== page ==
Pallister budget averts PST hike

Civil-service cuts cornerstone of plan


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Progressive Conservative Leader Brian Pallister has set out a plan he'd like the NDP government to follow to avoid saddling Manitobans with a provincial sales tax hike worth $278 million a year.

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Hey there, time traveller!
This article was published 19/04/2013 (3625 days ago), so information in it may no longer be current.

Progressive Conservative Leader Brian Pallister has set out a plan he’d like the NDP government to follow to avoid saddling Manitobans with a provincial sales tax hike worth $278 million a year.

Instead of raising the PST a point to eight per cent, Pallister said the government should trim what he called a bloated civil-service executive, ferret out $120 million in savings across the board and institute a “hiring chill.”

He would also slash government advertising spending and communications staff and reform tendering practices.

“The PC party believes taxes are already too high and we believe that government should look within to make better use of the billions of dollars that we already provide to it,” Pallister said Thursday in his first detailed response to this week’s budget, which has sparked controversy with its proposed July 1 PST hike.

Opposition politicians, small business owners and retailers and consumers have attacked the increase as unnecessary and unfair.

Pallister vowed to roll back the tax hike if his party forms government. And he renewed demands the government hold a referendum before raising the tax, as required under existing law. The government has introduced a bill that would remove that requirement.

Pallister believes the NDP doesn’t need to increase the tax. He called his proposed $120-million savings — equivalent to one per cent of core government spending — achievable.

“I think the government is spending too much in areas of low priority and not enough in areas of higher priority,” Pallister told a news conference.

But the NDP said Pallister’s plan could cost many doctors, nurses, teachers and corrections officers their jobs.

“What we’ve seen is a return to the policies of the 1990s, where they laid off 400 teachers, they fired 1,000 nurses, where they stopped building roads in the province of Manitoba,” Premier Greg Selinger said in a clear swipe at the Filmon Tories — in which Pallister was a cabinet minister.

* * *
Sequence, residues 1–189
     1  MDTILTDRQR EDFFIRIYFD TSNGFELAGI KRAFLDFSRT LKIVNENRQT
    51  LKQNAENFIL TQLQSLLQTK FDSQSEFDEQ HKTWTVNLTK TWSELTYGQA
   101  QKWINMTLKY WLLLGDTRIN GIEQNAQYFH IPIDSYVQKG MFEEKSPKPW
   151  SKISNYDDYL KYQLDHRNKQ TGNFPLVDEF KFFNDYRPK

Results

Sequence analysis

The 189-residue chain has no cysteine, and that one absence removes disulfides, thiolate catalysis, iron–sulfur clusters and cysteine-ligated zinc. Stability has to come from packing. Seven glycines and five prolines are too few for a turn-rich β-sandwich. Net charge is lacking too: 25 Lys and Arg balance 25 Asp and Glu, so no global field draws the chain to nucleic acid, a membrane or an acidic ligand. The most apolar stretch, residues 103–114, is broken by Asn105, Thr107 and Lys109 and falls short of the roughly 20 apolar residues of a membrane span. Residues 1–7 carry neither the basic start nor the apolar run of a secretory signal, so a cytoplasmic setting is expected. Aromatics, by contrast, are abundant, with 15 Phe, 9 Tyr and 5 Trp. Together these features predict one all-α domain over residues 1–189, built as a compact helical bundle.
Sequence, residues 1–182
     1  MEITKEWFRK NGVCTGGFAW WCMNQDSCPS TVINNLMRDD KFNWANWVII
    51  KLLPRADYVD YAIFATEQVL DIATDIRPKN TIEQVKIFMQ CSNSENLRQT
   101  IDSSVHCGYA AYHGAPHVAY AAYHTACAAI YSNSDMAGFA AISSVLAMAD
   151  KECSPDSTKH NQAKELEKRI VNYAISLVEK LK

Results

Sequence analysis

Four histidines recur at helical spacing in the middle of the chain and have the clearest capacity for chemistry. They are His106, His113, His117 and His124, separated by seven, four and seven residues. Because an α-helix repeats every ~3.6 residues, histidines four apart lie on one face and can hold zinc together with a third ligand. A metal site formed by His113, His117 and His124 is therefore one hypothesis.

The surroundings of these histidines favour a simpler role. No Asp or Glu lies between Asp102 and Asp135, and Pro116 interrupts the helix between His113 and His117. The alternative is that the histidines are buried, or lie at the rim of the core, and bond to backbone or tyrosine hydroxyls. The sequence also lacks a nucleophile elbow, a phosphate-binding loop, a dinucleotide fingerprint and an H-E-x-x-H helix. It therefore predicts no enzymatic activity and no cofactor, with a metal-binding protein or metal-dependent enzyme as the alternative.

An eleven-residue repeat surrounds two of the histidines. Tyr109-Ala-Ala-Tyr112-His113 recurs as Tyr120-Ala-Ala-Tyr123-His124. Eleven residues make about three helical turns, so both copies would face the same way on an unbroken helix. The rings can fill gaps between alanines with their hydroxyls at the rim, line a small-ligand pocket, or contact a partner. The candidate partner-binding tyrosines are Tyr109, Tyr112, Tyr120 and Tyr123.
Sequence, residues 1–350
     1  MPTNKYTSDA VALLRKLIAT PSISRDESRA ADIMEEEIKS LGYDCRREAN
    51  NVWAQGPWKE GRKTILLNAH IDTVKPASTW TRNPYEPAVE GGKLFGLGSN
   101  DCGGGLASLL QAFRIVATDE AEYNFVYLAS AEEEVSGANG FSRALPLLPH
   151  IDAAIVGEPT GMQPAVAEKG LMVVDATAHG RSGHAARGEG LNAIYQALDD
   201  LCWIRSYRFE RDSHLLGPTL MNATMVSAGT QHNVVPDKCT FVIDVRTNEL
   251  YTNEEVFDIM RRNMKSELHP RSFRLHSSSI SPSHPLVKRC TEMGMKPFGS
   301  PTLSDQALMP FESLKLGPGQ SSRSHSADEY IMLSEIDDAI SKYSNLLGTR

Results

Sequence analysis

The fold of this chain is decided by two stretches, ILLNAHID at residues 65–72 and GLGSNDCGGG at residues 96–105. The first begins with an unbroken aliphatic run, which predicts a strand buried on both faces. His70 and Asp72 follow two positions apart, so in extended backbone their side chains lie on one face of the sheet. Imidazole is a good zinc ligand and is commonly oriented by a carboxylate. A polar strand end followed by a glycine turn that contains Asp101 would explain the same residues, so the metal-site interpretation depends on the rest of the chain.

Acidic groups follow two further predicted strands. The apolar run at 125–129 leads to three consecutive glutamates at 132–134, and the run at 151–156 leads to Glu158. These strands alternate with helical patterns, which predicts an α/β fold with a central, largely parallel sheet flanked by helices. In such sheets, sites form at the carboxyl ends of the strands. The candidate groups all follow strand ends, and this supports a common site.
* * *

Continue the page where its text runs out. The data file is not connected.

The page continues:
Pressed on whether the belt-tightening advocated by Pallister would really mean cuts of such essential personnel, Selinger said the PC leader must be more specific.

“If he’s going to do that (find $120 million in savings) he has to tell us how many… people he’s prepared to put on the unemployment rolls,” the premier said.

Pallister’s plan renewed calls for a comprehensive review of all government spending to identify areas that can be cut. He said civil servants should be entrusted to find them.

Pending the results of the review, there should be a hiring chill in which civil servants who retire are not replaced — unless an individual is “in a very special skill-set position,” he said. More than 500 civil servants retire each year and 1,000 resign.

If only retiring employees — with a few exceptions — were not replaced, it could save government $78 million a year, Pallister said.

He’d also lay off senior managers in a bid to get manager-employee ratios in line with what they were a dozen years ago. That would save more than $9 million a year, the Conservatives said.

Manitoba could achieve further savings by improving its tendering process. For instance, the government requires contractors to resubmit bids on projects in successive years, adding to costs, which are passed on to government, Pallister said.

Manitoba could save $14 million a year if it joined B.C., Alberta and Saskatchewan in the New West Partnership to buy supplies and services.

Larry Kusch

Larry Kusch
Legislature reporter

Larry Kusch didn’t know what he wanted to do with his life until he attended a high school newspaper editor’s workshop in Regina in the summer of 1969 and listened to a university student speak glowingly about the journalism program at Carleton University in Ottawa.


Updated on Friday, April 19, 2013 7:55 AM CDT: adds fact box

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